It happened, my breastfed baby got formula. And I freaked out.
I knew the time was coming for Baby Max to sample some formula, but I was just not ready. As a registered dietitian, “Breast is Best” has been deeply driven in my head. Honestly, I did not even have a plan beyond breastfeeding. No back-up plan. Nothing.
He was first given formula two weeks ago at preschool (aka daycare). Max’s teachers asked me to send one more bottle (in addition to the three we were already packing) with him because he was getting hungry towards the end of the day. At first I tried to figure out how this 4th bottle could be expressed breast milk, but it was just not possible. I was already breastfeeding or pumping every three hours. I decided to take a risk and pack a ready-to-drink bottle of formula we received from the hospital in his diaper bag, hoping that I could pick him up in time before he would need the “extra” bottle. Well, my idea didn’t go as planned – a few day after packing the emergency extra bottle his teachers gave it to him.
At first I was terribly distraught over the idea of giving him formula. Would it decrease my milk supply? Would he not want to nurse anymore? Would he tolerate the formula? So many questions were running through my head.
After a few days of struggling with these thoughts and a visit to the pediatrician, I finally accepted the thought of supplementing the breast milk with formula. At Max’s two months well check his weight was in the 10th percentile, falling from the 40th percentile at his one-month check-up. His teachers also noted he was getting extremely upset and showing signs of hunger in between feedings. He needed more volume at each of his bottle feedings and I couldn’t produce anymore. I knew it was time to supplement. (And yes I tried some alternative tricks to increase my breast milk with limited success)
Throughout my schooling, I was educated on all the benefits of breastfeeding. According to the American Academy of Pediatrics exclusive breastfeeding for the first six months decreases a child’s chances of being overweight or obese as they get older. Breast milk also contains substances such as antibodies, immune factors, and enzymes that can protect your baby against numerous diseases and infections (both while breastfeeding and sometimes after weaning).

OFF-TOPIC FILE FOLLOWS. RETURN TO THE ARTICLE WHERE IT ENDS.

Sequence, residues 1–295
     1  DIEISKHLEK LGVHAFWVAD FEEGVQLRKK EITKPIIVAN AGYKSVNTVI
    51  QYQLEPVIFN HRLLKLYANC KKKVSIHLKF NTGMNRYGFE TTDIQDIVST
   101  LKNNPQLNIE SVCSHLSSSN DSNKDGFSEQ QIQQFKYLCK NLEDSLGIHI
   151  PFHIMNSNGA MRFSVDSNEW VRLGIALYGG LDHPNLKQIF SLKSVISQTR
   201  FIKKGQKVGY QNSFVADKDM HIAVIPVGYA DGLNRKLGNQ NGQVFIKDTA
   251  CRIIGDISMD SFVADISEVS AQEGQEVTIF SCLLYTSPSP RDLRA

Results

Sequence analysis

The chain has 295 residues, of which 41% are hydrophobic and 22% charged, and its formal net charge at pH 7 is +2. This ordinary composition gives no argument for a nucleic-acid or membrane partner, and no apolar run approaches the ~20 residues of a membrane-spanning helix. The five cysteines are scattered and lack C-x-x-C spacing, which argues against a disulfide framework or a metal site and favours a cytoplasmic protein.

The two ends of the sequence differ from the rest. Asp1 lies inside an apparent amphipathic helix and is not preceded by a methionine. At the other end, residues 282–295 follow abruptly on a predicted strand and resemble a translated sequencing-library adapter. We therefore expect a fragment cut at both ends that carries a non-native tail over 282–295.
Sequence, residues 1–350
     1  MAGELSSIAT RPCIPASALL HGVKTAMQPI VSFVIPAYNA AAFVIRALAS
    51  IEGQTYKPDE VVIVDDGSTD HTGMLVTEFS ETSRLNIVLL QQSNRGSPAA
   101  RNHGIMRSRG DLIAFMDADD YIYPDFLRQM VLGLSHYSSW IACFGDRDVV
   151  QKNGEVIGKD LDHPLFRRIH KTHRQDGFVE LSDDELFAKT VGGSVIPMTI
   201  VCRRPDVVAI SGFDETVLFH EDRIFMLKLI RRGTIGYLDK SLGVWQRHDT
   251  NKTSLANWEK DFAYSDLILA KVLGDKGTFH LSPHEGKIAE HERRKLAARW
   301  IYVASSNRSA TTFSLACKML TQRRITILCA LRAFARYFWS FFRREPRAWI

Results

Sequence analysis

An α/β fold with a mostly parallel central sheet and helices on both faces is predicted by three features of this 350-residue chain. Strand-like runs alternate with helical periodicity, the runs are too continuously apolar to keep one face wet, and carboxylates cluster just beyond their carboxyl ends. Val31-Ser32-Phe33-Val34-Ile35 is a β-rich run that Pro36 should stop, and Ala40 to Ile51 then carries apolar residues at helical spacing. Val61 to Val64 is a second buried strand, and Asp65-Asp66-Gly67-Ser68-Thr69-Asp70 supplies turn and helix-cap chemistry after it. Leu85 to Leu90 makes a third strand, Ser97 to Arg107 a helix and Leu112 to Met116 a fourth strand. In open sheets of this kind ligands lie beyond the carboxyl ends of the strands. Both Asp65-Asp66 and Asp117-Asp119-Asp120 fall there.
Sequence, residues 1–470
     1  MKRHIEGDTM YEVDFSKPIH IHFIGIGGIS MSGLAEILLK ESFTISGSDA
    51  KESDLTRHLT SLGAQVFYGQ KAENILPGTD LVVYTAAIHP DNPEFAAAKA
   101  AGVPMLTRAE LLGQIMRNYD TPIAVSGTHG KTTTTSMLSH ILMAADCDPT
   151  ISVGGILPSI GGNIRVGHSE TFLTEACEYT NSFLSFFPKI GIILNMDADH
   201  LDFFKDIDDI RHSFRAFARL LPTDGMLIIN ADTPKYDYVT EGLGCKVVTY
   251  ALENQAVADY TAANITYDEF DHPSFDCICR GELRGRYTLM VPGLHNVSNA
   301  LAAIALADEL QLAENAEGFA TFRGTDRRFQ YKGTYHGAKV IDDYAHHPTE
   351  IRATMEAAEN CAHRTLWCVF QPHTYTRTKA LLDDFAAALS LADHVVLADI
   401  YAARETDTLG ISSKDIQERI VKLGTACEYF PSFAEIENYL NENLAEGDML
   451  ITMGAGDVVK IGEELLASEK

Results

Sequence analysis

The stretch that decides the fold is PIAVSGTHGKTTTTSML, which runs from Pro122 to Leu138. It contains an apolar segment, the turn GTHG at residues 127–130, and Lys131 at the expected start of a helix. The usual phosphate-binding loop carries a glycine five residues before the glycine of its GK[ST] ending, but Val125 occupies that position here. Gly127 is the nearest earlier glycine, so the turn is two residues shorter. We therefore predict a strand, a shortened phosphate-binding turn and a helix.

With that being said not every mom is able to exclusively breastfeed. There are a number of reasons moms are not able to breastfeed much or at all. One of the main reasons is the inability to produce adequate amounts of milk. In my opinion, the absolute most important aspect of feeding my child is to make sure he is getting adequate calories and protein to grow. If that means I have to give him a little formula to provide adequate nutrition that doesn’t make me a bad parent. Not all moms are able to breastfeed – I feel blessed to be able to provide my baby the current amount of breastmilk.
Our current schedule involves nursing him before we leave the house and before he goes to bed. At school, he is fed two-5 oz bottles of expressed milk + one-5 oz bottle that is usually a combination of breast milk and formula. Sometimes he has a 4th bottle at school of formula or he is nursed immediately upon arriving home. Of note: I always make sure the combined bottle of formula and breast milk is given to him during his first feeding. Unlike breast milk that can stay refrigerated for up to 3 days, prepared formula can only be refrigerated for 24 hours.
So what formula did I decide on?
Other than the initial bottle of formula Max received, we have been offering him an organic formula. I personally wanted to provide him with a formula made with organic cow’s milk that was not treated with growth-hormones, steroids, or antibiotics. This formula has worked for our family, but doesn’t mean it is the best choice for all families.
Give breastfeeding the best shot you can. Seek support from friends and family. I am incredibly thankful for the support provided from one of my best friends. She has been a tremendous wealth of knowledge and offered encouraging words when I just want to give up. However, if you can not physically breastfeed know that you are doing the best for your baby.